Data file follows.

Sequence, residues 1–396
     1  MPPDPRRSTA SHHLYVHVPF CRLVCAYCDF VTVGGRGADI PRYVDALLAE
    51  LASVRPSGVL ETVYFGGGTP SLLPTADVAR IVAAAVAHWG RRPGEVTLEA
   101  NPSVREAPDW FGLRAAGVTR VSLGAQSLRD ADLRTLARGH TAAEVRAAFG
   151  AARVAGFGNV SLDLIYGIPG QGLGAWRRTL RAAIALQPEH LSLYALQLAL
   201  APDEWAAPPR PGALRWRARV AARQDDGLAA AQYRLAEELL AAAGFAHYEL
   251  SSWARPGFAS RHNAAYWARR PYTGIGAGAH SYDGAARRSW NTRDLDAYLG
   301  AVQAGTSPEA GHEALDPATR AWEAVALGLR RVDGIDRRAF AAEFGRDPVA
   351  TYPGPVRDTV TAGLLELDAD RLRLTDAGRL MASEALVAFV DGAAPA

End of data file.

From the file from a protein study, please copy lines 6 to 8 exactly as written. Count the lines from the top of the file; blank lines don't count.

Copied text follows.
   201  APDEWAAPPR PGALRWRARV AARQDDGLAA AQYRLAEELL AAAGFAHYEL
   251  SSWARPGFAS RHNAAYWARR PYTGIGAGAH SYDGAARRSW NTRDLDAYLG
   301  AVQAGTSPEA GHEALDPATR AWEAVALGLR RVDGIDRRAF AAEFGRDPVA